“A faith that makes losing a sin will make cheating a sacrament.” — Michael Gergen
Case in point: The incredibly petty assault on the election of state Senator Joyce Woodhouse by sore losers among the Clark County Republicans who think a ‘recall’ election on a trumped up issue will allow them to overturn election results. And, this single sentence is about all the publicity the recall effort deserves.
Case in point: The trumped up (literally) claims of vote fraud in the 2016 election, for which there is NO evidence whatsoever. The vote suppression efforts rely on conflation and obfuscation. First and foremost, it requires that we conflate issues of voter registration with actual incidents of voter impersonation fraud. No one is arguing that periodically cleaning up voter registration lists to remove names of those deceased or moved from the precinct is necessarily a bad thing. If done in a rational and professional manner such removal makes the lives of poll workers on election day a bit easier, and I, for one, am all for making their lives as easy as possible. However, there are voices asserting that because there remain names un-removed, there is therefore the potential for fraud, therefore there must be evidence of fraudulent voting. This is fear-mongering of the first water. Please review the 3 instances of voting fraud in Nevada since 2012. (More discussion here) An additional objection to this assertion is that the vote suppression advocates are personalizing the issue — “If there is One instance of fraudulent voting, then the vote thus cancelled out must be ‘yours.'” Please. “But! What happens in close elections?” One instance repeatedly hauled out by the vote suppressors as an example of a close loss blamed on illegal voting, the Rizzo case, has been thoroughly debunked. It’s become an article of faith among the right wing that because Democrats might cheat, then “election integrity” requires that they be closely monitored to prevent “those people” from winning elections. Election integrity should mean that every eligible voter in this country is treated equally as the ballots are cast. However, this brings us to yet another sacrament of the vote suppressors.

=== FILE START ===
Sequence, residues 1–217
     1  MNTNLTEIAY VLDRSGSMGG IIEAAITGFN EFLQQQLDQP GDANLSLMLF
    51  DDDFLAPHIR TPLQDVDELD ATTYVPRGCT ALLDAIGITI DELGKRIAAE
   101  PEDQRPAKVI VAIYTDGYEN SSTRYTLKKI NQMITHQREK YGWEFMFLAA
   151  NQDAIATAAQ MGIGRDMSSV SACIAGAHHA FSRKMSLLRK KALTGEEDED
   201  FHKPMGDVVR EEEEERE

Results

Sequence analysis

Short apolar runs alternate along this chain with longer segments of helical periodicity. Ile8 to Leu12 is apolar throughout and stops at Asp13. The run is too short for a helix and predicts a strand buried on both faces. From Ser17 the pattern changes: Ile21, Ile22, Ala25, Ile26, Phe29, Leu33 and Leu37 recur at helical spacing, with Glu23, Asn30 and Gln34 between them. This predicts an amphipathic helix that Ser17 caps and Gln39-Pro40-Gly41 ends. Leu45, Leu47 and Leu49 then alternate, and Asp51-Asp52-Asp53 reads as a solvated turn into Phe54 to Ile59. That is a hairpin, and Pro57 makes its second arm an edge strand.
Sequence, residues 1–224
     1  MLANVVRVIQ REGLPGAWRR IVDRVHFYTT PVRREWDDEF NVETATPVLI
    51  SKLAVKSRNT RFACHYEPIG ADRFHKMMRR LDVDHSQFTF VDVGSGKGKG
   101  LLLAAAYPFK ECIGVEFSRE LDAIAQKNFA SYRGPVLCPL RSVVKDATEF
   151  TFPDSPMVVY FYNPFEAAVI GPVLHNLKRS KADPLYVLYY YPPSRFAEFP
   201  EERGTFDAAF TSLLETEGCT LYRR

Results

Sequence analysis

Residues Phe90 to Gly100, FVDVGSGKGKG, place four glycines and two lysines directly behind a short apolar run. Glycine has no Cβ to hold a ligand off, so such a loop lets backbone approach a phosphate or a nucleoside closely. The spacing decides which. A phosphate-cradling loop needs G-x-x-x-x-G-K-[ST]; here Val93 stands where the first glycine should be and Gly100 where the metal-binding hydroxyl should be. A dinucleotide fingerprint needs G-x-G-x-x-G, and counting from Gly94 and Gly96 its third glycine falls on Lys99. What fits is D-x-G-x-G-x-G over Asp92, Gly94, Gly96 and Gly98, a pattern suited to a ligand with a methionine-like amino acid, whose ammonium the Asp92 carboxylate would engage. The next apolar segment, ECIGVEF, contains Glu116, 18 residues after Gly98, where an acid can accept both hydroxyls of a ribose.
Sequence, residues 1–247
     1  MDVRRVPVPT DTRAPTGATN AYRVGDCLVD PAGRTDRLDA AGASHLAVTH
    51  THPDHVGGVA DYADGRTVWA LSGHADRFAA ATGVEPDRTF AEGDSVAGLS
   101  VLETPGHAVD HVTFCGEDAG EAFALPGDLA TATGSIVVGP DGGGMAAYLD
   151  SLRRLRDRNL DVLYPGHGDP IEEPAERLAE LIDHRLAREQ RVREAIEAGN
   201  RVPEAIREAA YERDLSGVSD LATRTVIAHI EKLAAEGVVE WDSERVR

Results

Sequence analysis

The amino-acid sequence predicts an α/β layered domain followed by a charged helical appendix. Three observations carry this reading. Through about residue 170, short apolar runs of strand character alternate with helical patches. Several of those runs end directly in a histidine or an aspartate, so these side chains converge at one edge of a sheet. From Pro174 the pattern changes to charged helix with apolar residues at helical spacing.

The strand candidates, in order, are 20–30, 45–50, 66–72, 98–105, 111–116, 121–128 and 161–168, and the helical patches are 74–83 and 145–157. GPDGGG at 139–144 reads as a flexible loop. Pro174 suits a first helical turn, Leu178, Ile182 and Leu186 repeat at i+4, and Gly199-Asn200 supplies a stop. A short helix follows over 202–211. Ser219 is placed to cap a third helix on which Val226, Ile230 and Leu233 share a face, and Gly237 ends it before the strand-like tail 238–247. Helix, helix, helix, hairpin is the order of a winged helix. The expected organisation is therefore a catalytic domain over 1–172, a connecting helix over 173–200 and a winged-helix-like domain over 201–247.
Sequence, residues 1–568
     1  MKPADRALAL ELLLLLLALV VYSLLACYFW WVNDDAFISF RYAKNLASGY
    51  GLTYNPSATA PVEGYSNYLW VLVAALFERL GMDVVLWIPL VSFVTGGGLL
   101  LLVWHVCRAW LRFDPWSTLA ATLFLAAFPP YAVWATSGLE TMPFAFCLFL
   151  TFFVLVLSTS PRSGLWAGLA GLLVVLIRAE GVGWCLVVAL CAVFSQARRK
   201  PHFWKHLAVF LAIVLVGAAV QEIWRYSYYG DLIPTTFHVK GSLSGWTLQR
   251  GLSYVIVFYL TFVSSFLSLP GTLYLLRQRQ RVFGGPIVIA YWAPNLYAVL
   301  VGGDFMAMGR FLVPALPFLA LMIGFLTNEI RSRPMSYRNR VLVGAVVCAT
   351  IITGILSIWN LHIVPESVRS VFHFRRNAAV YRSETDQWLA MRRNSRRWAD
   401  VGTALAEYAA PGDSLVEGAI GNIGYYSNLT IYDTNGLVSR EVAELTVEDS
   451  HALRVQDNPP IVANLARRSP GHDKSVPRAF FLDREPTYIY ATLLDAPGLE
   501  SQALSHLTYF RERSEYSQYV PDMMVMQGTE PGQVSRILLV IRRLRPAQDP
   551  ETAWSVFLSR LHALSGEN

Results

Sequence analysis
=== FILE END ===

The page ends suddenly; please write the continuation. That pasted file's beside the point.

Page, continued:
Case in point: The following report comes from the Indianapolis Star: (August 10, 2017)
“State and local Republicans have expanded early voting in GOP-dominated areas and restricted it in Democratic areas, an IndyStar investigation has found, prompting a significant change in Central Indiana voting patterns. From 2008 to 2016, GOP officials expanded early voting stations in Republican dominated Hamilton County, IndyStar’s analysis found, and decreased them in the state’s biggest Democratic hotbed, Marion County. That made voting more convenient in GOP areas for people with transportation issues or busy schedules. And the results were immediate.”
Yes, how convenient, for Republican voters only. This becomes yet another example of those for whom winning is an article of faith, and one’s sacramental duty is to cheat to gain an advantage.
Case in point: North Carolina Republicans became the poster children for vote suppression tactics, such as curtailing early voting, strict ID requirements, reduced polling hours, to such as extent that they’ve not managed to pass muster in the courts. In short, the battle’s not over by a long shot. States that manage to restrict voting hours, reduce voting sites, curtail early voting, and otherwise strive to make voting as difficult as possible are engaged in nothing less that organized disenfranchisement. Nothing could argue more forcefully for the importance of state elections than these kinds of patently suppressive legislation.
Case in point: We should focus for a moment on the closing of polling stations as an example of vote suppression. Arizona, Georgia, Florida, and (you guessed it) North Carolina all closed polling places in 2016 that were in predominantly Democratic areas. [Reuters]
Unreasonably strict voter ID laws, the closing of polling stations, the restrictions on early voting, the selective purging of voter rolls (Remember Florida in 2000?), the arbitrary lengthening or contracting voting precinct schedules, and the other schemes to restrict voting fly in the face of Madison’s observation in his Federalist 52:
“The definition of the right of suffrage is very justly regarded as a fundamental article of republican government. “
This, not the modern Republican version of disenfranchisement, ought to be the statement of faith that makes cheating so egregious.